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HomeNewsCooper: PLP won’t support controversial bill

Cooper: PLP won’t support controversial bill

Chester Cooper.

Exumas and Ragged Island MP Chester Cooper yesterday raised serious concerns with the Commercial Enterprises Bill, 2017 charging that the government is rolling out the “red carpet” for foreign investors but ignoring Bahamians.

“Regrettably, the opposition cannot and will not support this bill in its current form,” Cooper said.

“I would be happy to reconsider should suitable amendments be considered.”

Cooper asked,“Why are we running to roll out the red carpet to attract businesses from abroad, small businesses investing $250,000 at a minimum, when we need reforms for small businesses domestically in

The Bahamas and small business people who have been crying and crying and crying for more reforms that make it easier to start a business?”

The bill seeks to “liberalize the granting of work permits to an enterprise that wishes to establish itself in The Bahamas and requires work permits for its management team and key personnel”.

According to the bill, “The director of immigration shall determine any work permit applied for not later than 14 days after the filing thereof and the payment of the application fee, failing which the work permit shall be deemed to have been granted pursuant to this Act, and may only be later revoked if the director has reasonable grounds for so doing on the basis of public safety, public morality or national security.”

Cooper said the bill is a hard sell.

“It’s a hard sell to Bahamian people when we say it’s their time and then you’re making it easier for foreigners to open companies and get work permits without identifying and explaining the upside and the benefits in detail to the Bahamian people,” he said.

“On my part, I don’t think the intention was anything sinister, Mr. Speaker, misguided perhaps.

“But thankfully, I’m not the one who has to sell it.”

Minister of Finance and Deputy Prime Minister Peter Turnquest, in his contribution to debate on the bill, cautioned the opposition on playing to the “greatest fears of Bahamians”.

“I want to encourage the side opposite, please stop dumbing down to people in this country,” Turnquest said.

“Stop playing to the greatest fears of this country.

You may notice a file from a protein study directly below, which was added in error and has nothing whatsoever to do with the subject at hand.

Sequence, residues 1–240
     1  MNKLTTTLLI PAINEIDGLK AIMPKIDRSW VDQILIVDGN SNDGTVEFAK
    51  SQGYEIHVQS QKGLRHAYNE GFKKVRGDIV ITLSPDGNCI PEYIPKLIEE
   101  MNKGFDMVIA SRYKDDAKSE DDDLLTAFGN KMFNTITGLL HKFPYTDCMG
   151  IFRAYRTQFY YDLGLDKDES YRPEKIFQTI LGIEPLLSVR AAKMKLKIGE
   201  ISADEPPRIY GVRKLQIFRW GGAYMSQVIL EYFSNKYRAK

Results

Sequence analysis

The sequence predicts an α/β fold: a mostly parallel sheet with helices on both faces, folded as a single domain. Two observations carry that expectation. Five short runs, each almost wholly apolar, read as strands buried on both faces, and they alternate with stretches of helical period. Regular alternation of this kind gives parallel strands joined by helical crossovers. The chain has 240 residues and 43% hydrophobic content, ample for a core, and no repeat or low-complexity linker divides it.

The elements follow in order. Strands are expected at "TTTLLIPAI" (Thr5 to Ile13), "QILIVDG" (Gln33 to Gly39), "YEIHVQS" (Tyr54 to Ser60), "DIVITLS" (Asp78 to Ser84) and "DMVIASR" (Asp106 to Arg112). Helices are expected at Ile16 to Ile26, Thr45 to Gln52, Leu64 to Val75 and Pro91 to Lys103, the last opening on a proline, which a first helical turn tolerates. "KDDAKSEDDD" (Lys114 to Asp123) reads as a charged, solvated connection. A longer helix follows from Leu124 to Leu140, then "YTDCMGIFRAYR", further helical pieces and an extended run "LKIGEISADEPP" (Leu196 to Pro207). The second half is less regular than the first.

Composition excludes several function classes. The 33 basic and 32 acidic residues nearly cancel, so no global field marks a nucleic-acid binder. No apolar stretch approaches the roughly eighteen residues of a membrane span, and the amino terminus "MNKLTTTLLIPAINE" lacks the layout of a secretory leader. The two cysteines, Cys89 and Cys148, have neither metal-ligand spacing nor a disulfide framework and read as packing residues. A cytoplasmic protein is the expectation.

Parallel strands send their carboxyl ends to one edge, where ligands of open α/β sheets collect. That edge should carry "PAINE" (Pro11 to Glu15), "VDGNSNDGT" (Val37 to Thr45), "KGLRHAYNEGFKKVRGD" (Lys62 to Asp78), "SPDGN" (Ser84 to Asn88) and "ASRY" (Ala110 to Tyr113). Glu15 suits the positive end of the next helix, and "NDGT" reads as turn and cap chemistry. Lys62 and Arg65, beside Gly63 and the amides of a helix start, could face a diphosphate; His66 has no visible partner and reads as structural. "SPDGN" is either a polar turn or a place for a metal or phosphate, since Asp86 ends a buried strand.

“Again, the fears of this country is not about positive immigration. It is about migration.

“We must not confuse the two because to do so is to the detriment of our country.

“We need economic growth. We have to figure out how we are going to stimulate and cause that to happen. It is not going to happen by having regressive immigration policy or investment policy.

“We have to open up the economy.

“We have to invite people to participate. We have to encourage Bahamians to invest.”

The list of enterprises in the bill include businesses that deal in captive insurance, reinsurance, arbitration, wealth management, computer programming, maritime trade, nano technology, biomedical industries, boutique health facilities, data storage or warehousing, call centers and software design and writing, among others.

Bahamians

The Exuma MP said that he does not “have a xenophobic bone in my body, Mr. Speaker, but we should always seek to level the playing field for Bahamians”.

He continued, “Firstly, Mr. Speaker, let me say at the outset that on this idea of the work permit being deemed to have been issued if not responded to is of concern.

“Whilst I get the attempt to make the system less lethargic, we must vigorously protect our borders.

“It would be international best practice to do due diligence upfront, not on the back end.

“This is a dangerous world where terrorism, terrorist financing, money laundering and criminality is rampant. I am concerned this is a potential recipe for abuse and potential reputational risk for our fine country.”

Cooper said what the government should be doing is mandating that the Department of Immigration respond to all work permits within 14 days, instead of default approvals.

Jobs

The bill describes a specified commercial enterprise as an enterprise “established with an investment of not less than $250,000”.

Cooper charged that “a business that is formed with $250,000 is not a large business and should not be entitled to any relaxation of immigration policy”.

“I doubt it will create that many jobs for foreigners,” he said.

“It certainly will not create any jobs, if any, for Bahamians who can perhaps apprentice in some of these niche areas.”

He said the government should look at an amendment and consider whether a more appropriate level might be in the $1 million range.

Turnquest said that government decided to lower the threshold to $250,000 because “small business drive the majority of economic activity”.

“What we are trying to do is to encourage, again, these niche investors, both Bahamians and foreigners, to invest in The Bahamas even if it is a sole proprietor,” he said.

The East Grand Bahama MP continued, “We don’t know which one of these $250,000 investments is going to be the one, is going to be the next Facebook, the next Google or the next Microsoft.

“We don’t know.

“We know that the U.S. policy right now, today, is unattractive to some engineers and software developers.

“So why aren’t we not interested? Why should we not go out and attract that kind of talent to our country?

“They are not on social services. They are not coming here to live off the fat of our land. They are coming to contribute and to add to the fabric of our country.”

The bill was passed shortly after 7 p.m. yesterday with all four members of the opposition voting against it.

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